The phosphoinositide 3-kinase/Akt pathway: a new target in human renal cell carcinoma therapy

Carole Sourbier, Véronique Lindner, Hervé Lang, Abdelali Agouni, Eric Schordan, Sabrina Danilin, Sylvie Rothhut, Didier Jacqmin, Jean-Jacques Helwig, Thierry Massfelder

Research output: Contribution to journalArticle

124 Citations (Scopus)

Abstract

Metastatic renal cell carcinoma is resistant to current therapies. The phosphoinositide 3-kinase (PI3K)/Akt signaling cascade induces cell growth, cell transformation, and neovascularization. We evaluated whether targeting this pathway could be of therapeutic value against human renal cell carcinoma. The activation of the PI3K/Akt pathway and its role in renal cell carcinoma progression was evaluated in vitro in seven human cell lines by Western blot, cell counting, 3-(4,5-dimethylthiazol-2-yl)-2,5-diphenyltetrazolium bromide, terminal deoxyribonucleotide transferase-mediated nick-end labeling assays, and fluorescence-activated cell sorting analysis, using two PI3K inhibitors, LY294002 and wortmannin, as well as by transfection with various Akt constructs and through Akt knockdown by small interfering RNA (siRNA). In vivo nude mice bearing human renal cell carcinoma tumor xenografts were treated with LY294002 (75 mg/kg/wk, 4 weeks, i.p.). Tumor growth was measured and tumors were subjected to Western blot and immunohistochemical analysis. Akt was constitutively activated in all cell lines. Constitutive phosphorylation of glycogen synthase kinase-3 (GSK-3) was observed in all cell lines, whereas forkhead transcription factor and mammalian target of rapamycin, although expressed, were not constitutively phosphorylated. Exposure to LY294002 or wortmannin decreased Akt activation and GSK-3 phosphorylation and reduced cell growth by up to 70% through induction of cell apoptosis. These effects were confirmed by transfection experiments with Akt constructs or Akt siRNA. Importantly, LY294002 induced up to 50% tumor regression in mice through tumor cell apoptosis. Tumor neovascularization was significantly increased by LY294002 treatment. Blood chemistries showed no adverse effects of the treatment. Our results suggest an important role of PI3K/Akt inhibitors as a potentially useful treatment for patients with renal cell carcinoma.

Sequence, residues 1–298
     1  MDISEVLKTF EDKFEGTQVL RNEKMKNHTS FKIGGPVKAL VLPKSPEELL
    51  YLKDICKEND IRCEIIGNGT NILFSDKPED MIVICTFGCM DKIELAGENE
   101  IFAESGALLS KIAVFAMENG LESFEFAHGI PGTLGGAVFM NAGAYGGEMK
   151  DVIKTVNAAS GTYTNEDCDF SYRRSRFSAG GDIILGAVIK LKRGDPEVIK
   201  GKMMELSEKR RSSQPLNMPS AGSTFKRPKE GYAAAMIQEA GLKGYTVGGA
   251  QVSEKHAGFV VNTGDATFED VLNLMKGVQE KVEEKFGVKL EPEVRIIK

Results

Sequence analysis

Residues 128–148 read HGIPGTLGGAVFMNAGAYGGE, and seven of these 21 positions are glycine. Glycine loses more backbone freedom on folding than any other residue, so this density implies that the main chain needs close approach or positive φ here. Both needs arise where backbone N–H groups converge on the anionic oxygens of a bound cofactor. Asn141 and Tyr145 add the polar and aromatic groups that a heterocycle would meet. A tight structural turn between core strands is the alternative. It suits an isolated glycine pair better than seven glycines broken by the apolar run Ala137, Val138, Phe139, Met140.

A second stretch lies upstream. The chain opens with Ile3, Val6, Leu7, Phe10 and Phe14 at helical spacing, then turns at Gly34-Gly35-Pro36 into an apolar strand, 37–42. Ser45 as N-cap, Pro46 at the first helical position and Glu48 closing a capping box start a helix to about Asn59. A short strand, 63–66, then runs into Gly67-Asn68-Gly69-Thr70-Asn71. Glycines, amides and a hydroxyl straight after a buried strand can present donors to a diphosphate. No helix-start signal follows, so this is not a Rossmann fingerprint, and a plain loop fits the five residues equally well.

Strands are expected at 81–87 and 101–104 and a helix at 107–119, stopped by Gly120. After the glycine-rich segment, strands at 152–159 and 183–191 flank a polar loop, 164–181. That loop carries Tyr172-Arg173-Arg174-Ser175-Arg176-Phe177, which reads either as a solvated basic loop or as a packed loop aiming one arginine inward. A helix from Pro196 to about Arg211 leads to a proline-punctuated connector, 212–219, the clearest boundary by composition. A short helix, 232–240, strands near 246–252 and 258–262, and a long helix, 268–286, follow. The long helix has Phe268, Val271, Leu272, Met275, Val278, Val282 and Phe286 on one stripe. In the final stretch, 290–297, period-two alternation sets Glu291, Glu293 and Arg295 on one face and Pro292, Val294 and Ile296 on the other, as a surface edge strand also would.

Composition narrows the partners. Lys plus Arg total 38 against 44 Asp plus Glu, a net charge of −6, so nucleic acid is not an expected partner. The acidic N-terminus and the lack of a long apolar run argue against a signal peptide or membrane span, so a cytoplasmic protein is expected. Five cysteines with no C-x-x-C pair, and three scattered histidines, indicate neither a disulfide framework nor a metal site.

Original languageEnglish
Pages (from-to)5130-5142
Number of pages13
JournalCancer Research
Volume66
Issue number10
DOIs
Publication statusPublished - 15 May 2006

    Fingerprint

Keywords

  • 1-Phosphatidylinositol 3-Kinase
  • Animals
  • Carcinoma, Renal Cell
  • Cell Growth Processes
  • Cell Line, Tumor
  • Chromones
  • Enzyme Inhibitors
  • Humans
  • Kidney Neoplasms
  • Male
  • Mice
  • Morpholines
  • Oncogene Protein v-akt
  • Phosphorylation
  • RNA, Small Interfering
  • Signal Transduction
  • Substrate Specificity
  • Transfection
  • Xenograft Model Antitumor Assays

Cite this

Sourbier, C., Lindner, V., Lang, H., Agouni, A., Schordan, E., Danilin, S., Rothhut, S., Jacqmin, D., Helwig, J-J., & Massfelder, T. (2006). The phosphoinositide 3-kinase/Akt pathway: a new target in human renal cell carcinoma therapy. Cancer Research, 66(10), 5130-5142. https://doi.org/10.1158/0008-5472.CAN-05-1469